The Boston Globe‘s Beth Healy writes what looks like another Lawrence Summers bashing Harvard Endowment story–with an extra helping of unnamed Robert Rubin-kicking on the side–when she reveals that Summer fought with Harvard Endowment head Jack Meyers over his decision to add the University’s operating cash account to the general endowment pool. Meyer, and his successor Mohammed El-Erian, both warned that the university’s president was doubling down on the endowment and creating excessive risk. The warnings proved true when the school lost $1.8 billion from that cash account last year.
Certainly, when it came to handling Harvard’s cash account, the former US Treasury secretary had no doubts. Widely considered one of the most brilliant economists of his generation, Summers pushed to invest 100 percent of Harvard’s cash with the endowment and had to be argued down to 80 percent, financial executives say. The cash account grew to $5.1 billion during his tenure, more than the entire endowment of all but a dozen or so colleges and universities.
But Healy goes beyond the easy hit on Summers to show something deeper and scarie. Because, despite Summers’s aggressive posture with the cash and his disastrous swaps strategy, the real fault lies with the school’s leadership after Summers resigned. Healy quotes a friend of Summers:
“In the years after Summers left, market conditions and Harvard’s liquidity changed dramatically. The university’s financial strategies could have and should have changed with them.’’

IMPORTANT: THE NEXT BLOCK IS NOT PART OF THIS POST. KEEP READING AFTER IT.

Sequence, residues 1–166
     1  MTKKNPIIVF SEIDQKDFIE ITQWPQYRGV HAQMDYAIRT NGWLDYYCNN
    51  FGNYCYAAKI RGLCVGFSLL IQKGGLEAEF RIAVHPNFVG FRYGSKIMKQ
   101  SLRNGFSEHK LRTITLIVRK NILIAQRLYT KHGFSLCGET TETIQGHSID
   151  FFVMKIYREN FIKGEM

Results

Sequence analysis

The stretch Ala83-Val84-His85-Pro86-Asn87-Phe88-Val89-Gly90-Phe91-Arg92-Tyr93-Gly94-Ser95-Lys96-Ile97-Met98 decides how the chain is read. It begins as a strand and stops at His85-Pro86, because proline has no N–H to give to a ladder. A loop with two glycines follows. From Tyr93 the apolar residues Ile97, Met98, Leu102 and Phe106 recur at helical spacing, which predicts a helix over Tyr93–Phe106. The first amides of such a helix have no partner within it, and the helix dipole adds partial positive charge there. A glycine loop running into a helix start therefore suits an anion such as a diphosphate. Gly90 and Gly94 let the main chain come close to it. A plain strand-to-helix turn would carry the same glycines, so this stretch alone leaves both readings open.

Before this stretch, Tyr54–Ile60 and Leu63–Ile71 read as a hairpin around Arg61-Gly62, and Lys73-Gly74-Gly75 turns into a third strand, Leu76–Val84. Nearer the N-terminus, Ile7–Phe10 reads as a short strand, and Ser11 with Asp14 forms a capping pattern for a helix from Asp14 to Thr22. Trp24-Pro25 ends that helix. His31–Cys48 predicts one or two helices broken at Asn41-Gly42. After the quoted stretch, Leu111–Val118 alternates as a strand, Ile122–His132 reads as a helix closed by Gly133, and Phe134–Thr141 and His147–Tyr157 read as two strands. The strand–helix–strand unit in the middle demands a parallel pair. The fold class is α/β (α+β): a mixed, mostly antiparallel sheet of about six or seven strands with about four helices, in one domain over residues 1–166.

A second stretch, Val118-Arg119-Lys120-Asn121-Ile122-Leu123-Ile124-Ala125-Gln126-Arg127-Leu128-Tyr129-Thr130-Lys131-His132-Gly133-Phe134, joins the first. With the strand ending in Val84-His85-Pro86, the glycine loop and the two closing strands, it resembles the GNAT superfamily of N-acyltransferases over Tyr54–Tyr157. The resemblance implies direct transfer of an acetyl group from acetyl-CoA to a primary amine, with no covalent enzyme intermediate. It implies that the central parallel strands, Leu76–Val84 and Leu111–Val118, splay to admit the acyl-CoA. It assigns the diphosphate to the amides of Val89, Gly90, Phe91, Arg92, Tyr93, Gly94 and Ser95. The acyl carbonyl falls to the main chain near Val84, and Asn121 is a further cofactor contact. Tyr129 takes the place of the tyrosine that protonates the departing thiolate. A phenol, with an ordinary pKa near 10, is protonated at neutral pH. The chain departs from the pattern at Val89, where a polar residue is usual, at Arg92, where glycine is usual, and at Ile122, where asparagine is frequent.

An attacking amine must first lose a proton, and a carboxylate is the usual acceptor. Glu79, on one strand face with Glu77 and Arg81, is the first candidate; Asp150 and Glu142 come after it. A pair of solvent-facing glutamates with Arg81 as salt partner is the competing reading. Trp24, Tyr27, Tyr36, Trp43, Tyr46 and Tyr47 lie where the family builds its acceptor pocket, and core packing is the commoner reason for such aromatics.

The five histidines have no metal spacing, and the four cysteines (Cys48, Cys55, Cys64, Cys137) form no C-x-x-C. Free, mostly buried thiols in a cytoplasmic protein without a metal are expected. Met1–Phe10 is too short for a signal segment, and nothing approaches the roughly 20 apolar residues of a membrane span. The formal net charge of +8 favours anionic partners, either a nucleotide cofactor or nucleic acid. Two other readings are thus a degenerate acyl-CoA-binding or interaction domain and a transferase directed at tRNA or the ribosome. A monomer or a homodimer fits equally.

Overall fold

Healy goes on to explain why they didn’t change. First, the succeeding Harvard Presidents did have Summers’s capacity to engage in the financial decision making. But with the unexpected departure of Summers (he was meant to hold the position for years to come) the university’s leadership was unsettled and responsibility diffused. Second, a group of advisers felt the rewards outweighed the risks. Which leads Healy to quote James F. Rothenberg, Harvard’s treasurer (a part-time job!) who is also the Chairman of Capital Research and Management Co.
Even with the losses, Rothenberg said, the cash strategy has earned Harvard returns averaging 8.9 percent over the past 10 years. He and other university officials say the cash pool is still ahead of where it would have been, if invested more conservatively all along. But no one could be specific about what that net gain has been.
Harvard Ignored Warnings About Investments
by BETH HEALY
Boston Globe; November 29, 2009
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